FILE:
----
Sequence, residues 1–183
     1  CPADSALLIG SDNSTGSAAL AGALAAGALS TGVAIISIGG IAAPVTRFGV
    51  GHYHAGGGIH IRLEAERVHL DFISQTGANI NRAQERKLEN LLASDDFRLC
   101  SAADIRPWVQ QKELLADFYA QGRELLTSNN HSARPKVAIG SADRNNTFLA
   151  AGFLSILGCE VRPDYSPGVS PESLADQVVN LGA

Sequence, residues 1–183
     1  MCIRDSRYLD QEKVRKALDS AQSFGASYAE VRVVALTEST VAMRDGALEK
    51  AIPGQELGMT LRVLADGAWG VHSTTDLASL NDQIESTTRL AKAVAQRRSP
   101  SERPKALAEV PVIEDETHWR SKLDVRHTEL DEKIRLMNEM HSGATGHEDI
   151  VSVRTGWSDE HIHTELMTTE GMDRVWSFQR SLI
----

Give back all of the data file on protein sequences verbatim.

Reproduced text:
Sequence, residues 1–183
     1  CPADSALLIG SDNSTGSAAL AGALAAGALS TGVAIISIGG IAAPVTRFGV
    51  GHYHAGGGIH IRLEAERVHL DFISQTGANI NRAQERKLEN LLASDDFRLC
   101  SAADIRPWVQ QKELLADFYA QGRELLTSNN HSARPKVAIG SADRNNTFLA
   151  AGFLSILGCE VRPDYSPGVS PESLADQVVN LGA

Sequence, residues 1–183
     1  MCIRDSRYLD QEKVRKALDS AQSFGASYAE VRVVALTEST VAMRDGALEK
    51  AIPGQELGMT LRVLADGAWG VHSTTDLASL NDQIESTTRL AKAVAQRRSP
   101  SERPKALAEV PVIEDETHWR SKLDVRHTEL DEKIRLMNEM HSGATGHEDI
   151  VSVRTGWSDE HIHTELMTTE GMDRVWSFQR SLI